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Lethbridge Herald Newspaper Archives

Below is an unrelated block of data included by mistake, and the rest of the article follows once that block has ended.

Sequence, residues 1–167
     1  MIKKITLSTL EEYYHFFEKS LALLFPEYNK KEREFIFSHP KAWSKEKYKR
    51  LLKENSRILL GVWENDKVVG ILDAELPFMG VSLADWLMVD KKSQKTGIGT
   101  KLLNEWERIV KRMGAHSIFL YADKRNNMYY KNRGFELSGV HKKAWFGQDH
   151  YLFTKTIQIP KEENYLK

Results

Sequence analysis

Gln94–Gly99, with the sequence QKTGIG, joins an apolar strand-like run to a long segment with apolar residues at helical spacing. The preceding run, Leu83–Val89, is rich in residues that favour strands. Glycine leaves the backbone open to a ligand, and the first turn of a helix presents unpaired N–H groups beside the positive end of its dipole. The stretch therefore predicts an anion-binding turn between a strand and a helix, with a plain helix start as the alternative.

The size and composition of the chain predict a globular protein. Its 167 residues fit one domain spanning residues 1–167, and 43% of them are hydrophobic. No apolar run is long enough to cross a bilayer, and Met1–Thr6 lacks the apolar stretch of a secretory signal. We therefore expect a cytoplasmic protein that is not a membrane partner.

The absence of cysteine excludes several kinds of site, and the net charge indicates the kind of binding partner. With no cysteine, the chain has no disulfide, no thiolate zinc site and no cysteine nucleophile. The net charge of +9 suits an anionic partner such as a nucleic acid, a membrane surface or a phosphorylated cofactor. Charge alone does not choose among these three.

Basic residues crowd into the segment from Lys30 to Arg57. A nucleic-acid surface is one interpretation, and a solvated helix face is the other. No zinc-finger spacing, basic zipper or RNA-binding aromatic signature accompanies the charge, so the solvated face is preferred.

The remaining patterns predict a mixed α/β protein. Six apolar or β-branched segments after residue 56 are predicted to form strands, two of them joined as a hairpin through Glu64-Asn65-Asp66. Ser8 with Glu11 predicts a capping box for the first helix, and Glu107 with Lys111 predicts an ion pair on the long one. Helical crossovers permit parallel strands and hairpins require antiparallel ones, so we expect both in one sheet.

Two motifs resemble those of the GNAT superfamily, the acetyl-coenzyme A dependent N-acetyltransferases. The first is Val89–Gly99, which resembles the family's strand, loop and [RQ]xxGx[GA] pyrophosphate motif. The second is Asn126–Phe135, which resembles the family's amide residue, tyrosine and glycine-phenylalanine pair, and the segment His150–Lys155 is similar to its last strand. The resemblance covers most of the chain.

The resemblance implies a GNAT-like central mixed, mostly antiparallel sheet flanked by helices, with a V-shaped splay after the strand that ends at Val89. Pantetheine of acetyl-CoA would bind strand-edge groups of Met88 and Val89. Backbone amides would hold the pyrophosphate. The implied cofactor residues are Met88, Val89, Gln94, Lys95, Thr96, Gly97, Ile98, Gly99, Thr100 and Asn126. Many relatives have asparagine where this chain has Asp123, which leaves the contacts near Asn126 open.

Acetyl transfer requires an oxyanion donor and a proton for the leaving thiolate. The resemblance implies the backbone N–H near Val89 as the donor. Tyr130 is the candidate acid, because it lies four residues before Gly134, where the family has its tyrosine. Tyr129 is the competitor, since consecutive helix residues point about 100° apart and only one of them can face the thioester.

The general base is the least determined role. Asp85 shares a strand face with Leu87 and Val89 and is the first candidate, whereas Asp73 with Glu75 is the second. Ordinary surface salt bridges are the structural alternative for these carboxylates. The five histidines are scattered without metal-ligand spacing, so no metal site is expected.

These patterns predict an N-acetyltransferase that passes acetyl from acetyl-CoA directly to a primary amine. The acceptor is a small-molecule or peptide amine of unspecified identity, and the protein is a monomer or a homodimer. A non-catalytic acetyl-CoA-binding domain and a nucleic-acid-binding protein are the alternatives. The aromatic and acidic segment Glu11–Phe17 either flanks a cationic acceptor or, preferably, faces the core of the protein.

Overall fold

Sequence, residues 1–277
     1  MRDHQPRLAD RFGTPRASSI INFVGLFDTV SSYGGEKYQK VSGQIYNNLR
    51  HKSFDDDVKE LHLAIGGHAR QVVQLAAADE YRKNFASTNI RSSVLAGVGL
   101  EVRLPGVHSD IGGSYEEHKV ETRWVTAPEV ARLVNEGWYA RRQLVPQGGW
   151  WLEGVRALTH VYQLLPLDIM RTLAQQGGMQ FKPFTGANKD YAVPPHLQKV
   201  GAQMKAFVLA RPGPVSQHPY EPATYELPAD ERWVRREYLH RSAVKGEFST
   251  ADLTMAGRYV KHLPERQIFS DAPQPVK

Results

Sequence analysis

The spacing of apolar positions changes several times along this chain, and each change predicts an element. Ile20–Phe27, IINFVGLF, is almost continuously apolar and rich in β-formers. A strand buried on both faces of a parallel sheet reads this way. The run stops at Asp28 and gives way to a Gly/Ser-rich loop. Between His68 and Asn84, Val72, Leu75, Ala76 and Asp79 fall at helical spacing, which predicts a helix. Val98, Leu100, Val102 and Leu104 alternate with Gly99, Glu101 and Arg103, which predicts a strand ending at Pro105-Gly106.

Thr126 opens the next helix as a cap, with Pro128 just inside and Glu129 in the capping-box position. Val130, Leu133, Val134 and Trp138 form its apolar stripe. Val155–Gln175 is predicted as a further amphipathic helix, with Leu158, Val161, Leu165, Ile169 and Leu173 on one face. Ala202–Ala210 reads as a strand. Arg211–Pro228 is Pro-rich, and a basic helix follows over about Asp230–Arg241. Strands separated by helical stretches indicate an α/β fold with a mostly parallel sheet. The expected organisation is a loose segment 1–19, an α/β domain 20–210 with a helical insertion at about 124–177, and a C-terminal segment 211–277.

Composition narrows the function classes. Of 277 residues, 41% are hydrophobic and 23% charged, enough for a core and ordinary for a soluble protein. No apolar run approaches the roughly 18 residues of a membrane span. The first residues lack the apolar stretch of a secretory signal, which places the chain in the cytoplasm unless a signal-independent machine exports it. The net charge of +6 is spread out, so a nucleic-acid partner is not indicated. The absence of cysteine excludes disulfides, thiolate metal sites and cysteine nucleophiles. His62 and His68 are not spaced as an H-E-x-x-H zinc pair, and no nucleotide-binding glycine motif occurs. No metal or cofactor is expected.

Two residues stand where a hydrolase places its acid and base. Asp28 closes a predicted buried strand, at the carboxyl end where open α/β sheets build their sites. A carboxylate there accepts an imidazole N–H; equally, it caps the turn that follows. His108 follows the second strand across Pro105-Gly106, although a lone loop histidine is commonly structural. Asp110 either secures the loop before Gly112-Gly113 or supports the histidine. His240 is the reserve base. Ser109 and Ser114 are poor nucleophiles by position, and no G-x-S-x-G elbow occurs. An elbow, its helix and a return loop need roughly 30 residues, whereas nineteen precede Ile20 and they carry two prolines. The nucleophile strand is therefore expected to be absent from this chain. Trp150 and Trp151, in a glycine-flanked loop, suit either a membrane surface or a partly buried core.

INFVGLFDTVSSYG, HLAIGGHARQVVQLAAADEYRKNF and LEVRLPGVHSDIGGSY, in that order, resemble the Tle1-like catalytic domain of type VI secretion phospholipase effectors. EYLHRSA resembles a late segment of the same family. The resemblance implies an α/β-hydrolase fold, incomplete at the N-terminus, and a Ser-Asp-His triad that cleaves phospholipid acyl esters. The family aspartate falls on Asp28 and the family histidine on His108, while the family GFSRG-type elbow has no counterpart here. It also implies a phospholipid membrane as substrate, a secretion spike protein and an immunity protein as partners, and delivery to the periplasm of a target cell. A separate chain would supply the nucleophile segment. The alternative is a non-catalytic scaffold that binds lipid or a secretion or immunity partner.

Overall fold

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Lethbridge Herald (Newspaper) - January 27, 1971, Lethbridge, Alberta 14 - THE IETHBR1DGE HERALD - Wadnaiday, January 77,1�7I Notley predicts Socred defeat Greg Royer Annemarie Sahafter Lead roles set for CCH production Two Grade 12 students, Greg Royer and Annemarie Schef-ter, will take the lead roles in Catholic Central High School's production of The Mouse That Roared. The comedy, directed by CCH drama teacher Gloria Ar-mel, runs Feb. 26-28 at the Yates Memorial Centre and will involve a cast of about 50, most of them from the school's drama club. Mr. Royer, 18, who appeared in a main role last year in the school's production of The Merry Widow, has been cast as Tully Bascom. Miss Schefter, 17, will take the role of Gloriana the Twelfth. The play, adapted into a screen version starring Peter Sellers, revolves around the idea that the U.S. tends to finance the rehabilitation of countries it defeats, as it did Western Europe through the Marshall Plan after the Second World War. Accordingly, the Duchy of Grand Fenwick, a minuscule, debt-ridden East European country declares war in the hopes of being defeated and then rehabilitated.. Plans go awry, however, when the U.S., taken by surprise, is defeated by Grand Fenwick. Also taking main roles will be Randy Moroz, Nick Previ-sich, Larry Anderson, Dave Kato, Steve Meszaros, Randy Royer, Leigh Parkinson and Madja Pahulje. The Mouse That Roared will be entirely student-produced, with CCHS teachers acting as advisers, notably in the areas of music, sets and costumes. The comedy will be the first full-length drama produced by the school at the Yates. Previous productions have been : Chonita in 1968, Briga* doon in 1969 and The Merry Widow tost' year. Tickets are expected to go on sale this week at Leister's Music Store. Chamber gives warning on career-type schools By JOAN BOWMAN Herald Staff Writer New Democratic Party Leader Grant Notley predicted Tuesday the ruling Social Credit party will lose the next provincial election and be replaced by the Progressive Conservatives. Mr. Notley, in town to meet with the Lethbridge NDP association, said the Socreds will "lose heavily in the cities" and In a number of rural ridings.* position of major* tty party in the legislature, Social Credit "will die." The NDP expects to field close to the maximum of 75 candidates, and if a few are elected, the legislature will develop right- and left-wing poll* tics, he said. As Social Credit declines, a "very appreciable proportion" of its followers will turn to the NDP. "If we get even four or five elected this time, we'll never look back." He saicTthe decline and fall of the Liberal party in Alberta has helped the NDP through switching of party allegiance, The Liberal party is composed of "dispirited, disorgan ized and disinterested people." The next election will be called by Premier Harry Strom, probably in early June, when "fanners are too tired to think but not to vote," Mr. Notley contended. He said the election would he fought between "two good' time Charlies" (Mr. Strom and Conservative leader Peter Lougheed) with Mr. Lougheed winning' out because he has "more political sex appeal." He described the recent Con servative annual meeting as being "shockingly barren" of policy. "Never have so many said so little so smoothly." Mr. Notley said the Conservative's method of using a computer to weigh answers to a delegates' poll "hearkened back to the worst days of Social Credit." The method of handing the answers to a "secret, un-named policy committee" was. a system which former premier "Ab* erhart would have taken excep- tion to in his most arbitrary days.'' The NDP has named 27 candidates so far. Election of candidates in the East and West Lethbridge ridings is scheduled for March 3, probably at the Labor Club. Petroleum issue key topic The New Democratic Party of Alberta will propose at its annual meeting in Edmonton next month that the federal government study the feasibility of Canada joining the Organization of Petroleum Exporting Countries. The proposal, one of 17 included in a party statement on energy resources, notes that membership in the organization would allow Canada to bargain with other export countries In determining royalty rates. The draft statement, to be considered at the annual meeting in the Chateau Lacombe Feb. 6-8, is highly critical of both federal and provincial governments for their handling of energy ownership, price systems and development. The governments "have yielded to the decisions of giant multl - national corporations pursuing their own long term plans," the statement says. "Canadians pay prices for petroleum products that are established in the interests of foreign companies. Royalties are scandalously low. Little is done to use our energy resources to develop our own manufacturing industries." The statement indicates the NDP rejects any "continental' energy plan, which "implicitly assumes development of Canadian resources by the same corporations which now dominate the energy field." The statement suggests a Humane group organized at meeting Twelve persons turned out Tuesday at an organizational meeting of a local humane society. The group, being organized by Mrs. Vi Kandel, needed only five persons in order to apply to the societies branch of the provincial government for incorporation as a society. Mrs. Kandel said the next step is to become incorporated under the Societies Act and then begin a membership drive. The group is to be known as th� Lethbridge and District Humane Society. It will be completely independent, Mrs, Kandel said, and not affiliated with the Society for the Prevention of Cruelty to Animals, Election of officers will be held after the group is incorporated. remedial plan should involve 'government as a competitor, government as a regulator, selective nationalization as well as private and co-operative ownership." A federal government policy should include building of an oil pipeline from the west to Montreal; more government directors on the board of Pan* arctic Oil Company; public ownership of all interprovincial pipelines and revamping of the present method of licensing mineral and energy resources. The statement also indicates an NDP provincial government would introduce selective nationalization, such as of utility monopolies, and public ownership of resources "where the reserves are great and the initial investment relatively low." The Athabasca Tar Sands should be developed by a crown corporation and reserve limits on gas, coal and water should be extended from SO years to 50-100 years. ART DIETRICH DENTURE CLINIC Certified Denial Mechanic MetraiMlitan ildg. 32M09S MAYFAIR VOGUE'S .. By RIC SWIHART Herald Staff Writer The Lethbridge Chamber of Commerce today issued a warning to all students and parents to seek advice and counsel before committing themselves to career and technical schools offering short courses for better job opportunities. Wilf Bowns, manager of the Lethbridge chamber, said many approaches have been made to the youth in south Alberta from career and technical schools froir: outside the province in both Canada and the United States indicating a short course and sums of money from $600 up will make the route to a good job easier. "One recent case involved a young girl from Raymond who took a short course involving service in the air industry," said Mr. Bowns. "In writing to the two major air lines in Canada, we find that training in such a school would be of no help what so ever in obtaining a position." Education The air lines provide the training essential for steady employment in such a case. Mr. Bowns said all students and parents should be made aware of these schools and should seek counselling before | committing themselves by signing any papers or issuing any funds. Magnesium vital in egg production Down 90 prices for Mayfoir-Yogue's final marltdowns . . . balance of our fall fashions must gol target of study The Lethbridge Chamber of Commerce e d ucalion committee has formed three sub-committees to look into matters concerning education and use of school property in the city. The sub-committee, headed by Al McFaddcn, will attempt to come up with new ideas to better get the principles of private enterprise across to students. Jim Dodd will head the subcommittee to help promote increased use of school facilities after school hours by the public. In 1970, :�1.000 people used school facilities after school hours. It was felt this figure car be increased appreciably. An attempt to get career counselling resource personnel, not available in the city from business anrl industry, for talks with students and school counsellors will be handled by a sub - committee headed by Dwight Jensen. This committee will try to get resource people who visit the city to talk with students and counsellors (o inform them of educational requirements of their profession and look for in the field other tiiinj',3. Laying hens must have am adequate supply of magnesium to achieve maximum egg production and hatchibllity. Dr. E. E. Gardiner, poultry nutritionist at the Lethbridge Research Station, says early results of tests he is conducting indicate magnesium may also be a factor in egg shell quality. In the tests, magnesium was provided in feed for laying hens at levels of zero, 250, 500, 730 and 1,000 parts per million. After less than three months on test, it was evident that at the two lowest magnesium levels the birds' normal production pattern was affected. The maximum production obtained at zero and 230 parts per million was about 20 per cent below normal. On a normal diet about 92 per cent of the eggs would have been fertile and capable of producing chicks. However, when the magnesium was reduced to 250 parts, hatchibility declined to 55 per cent and fell to 40 per cent when the magnesium level was held at zero. Dr. Gardiner says eggshell quality is determined by the specific gravity method, and is directly related to the magnesium in the diet. Although he can find no scientific evidence to substantiate his view, he believes a direct relationship also exists between eggshell strength and the level of magnesum in the diet. Since commercial poultry feeds contain about 1,500 parts per million of magnesium, de- ficiencies in the element would i not be expected under normal | circumstances. Although the availability of magnesium in natural feeds is not known, the Lethbridge study has indicated that only about 30 per cent of the magnesium is available for eggshell formation. This suggests that under certain conditions, magnesium and calcium could be the limiting factor in eggshell strength. Since magnesium and calcium are known to react in other | biological systems, Dr. Gardiner said it is surprising the relationship between these two elements in eggshell formation has not been more closely studied. FINAL CLEARANCE '5 BUYS  JACKETS  HOUSECOATS  SKIRTS  SUMS  DRESSES  PANT TOPS  MILKY KNIT SWEATERS ALL TERRIFIC BUYSI '10  JACKETS  SKIRTS  SUMS CLEARANCE BUYS  SKI PANTS  JACQUARD PULL OVERS and CARDIGANS DON'T MISS THESE BUYS! '15 CLEARANCE BUYS  JACKETS  COATS  NYLON SKI JACKETS  JANTZEN CURLING SUMS  FORMALS  WEDDING GOWN BE EARLY FOR THESE! Cadet news The Navy League Cadet Corps No. 50 will parade tonight aboard ship at 10th Ave. and 17th St. S. at 6:45 o'clock. Lt. V. K. Lees, commanding officer, said all boys are reminded of the divisional competition and that attendance, smart appearance, and the introduction of a new recruit will what to j all go to determining the top among division for the next parade I and for the month. $3,500 damage in collision An estimated $3,500 damage resulted from a two-car head-on collision Tuesday at 2:15 p.m., on Highway 52, six miles east of Raymond. A vehicle driven by John Scott, 1415 3rd Ave. N., Lethbridge, received $1,500 damage. Scott was not injured. The other vehicle, driven by Lewis Joseph Troman, 1110 18th St. N., Lethbridge, received $2,-000 damage. RCMP officials reported that Troman suffered whiplash injuries, but was not detained in hospital following! the accident. FINAL MARKD0WNS ON ALL BETTER COATS AND DRESSES COATS FINAL MARKDOWNS IN TWO SAVINGS GROUPS GROUP 1 GROUP 2 39'5 DRESSES DON'T MISS OUT ON THE GREAT SAVINGS HERE GROUP 2 GROUP 1 6s6 ,, 996 14",. 14* Prelude to Spring... Your favorite styles in coats, dresses and pant costumes arriving daily. Newest lengths in the latest spring colors and fabrics. Select early on our handy lay-away plan. Labor meet Bert Hepwcrth, director of j | education for the Canadian Labor Congress in Ottawa, will be the featured speaker at the annual meeting of the Lethbridge and District Labor Council. The banquet meeting will start tonight at 6:30 in Erick-sen's Family Restaurant. MAYFAIR-VOGUE 311 Sth STREET S. LADIES' WEAR PHONE 327-3682 ;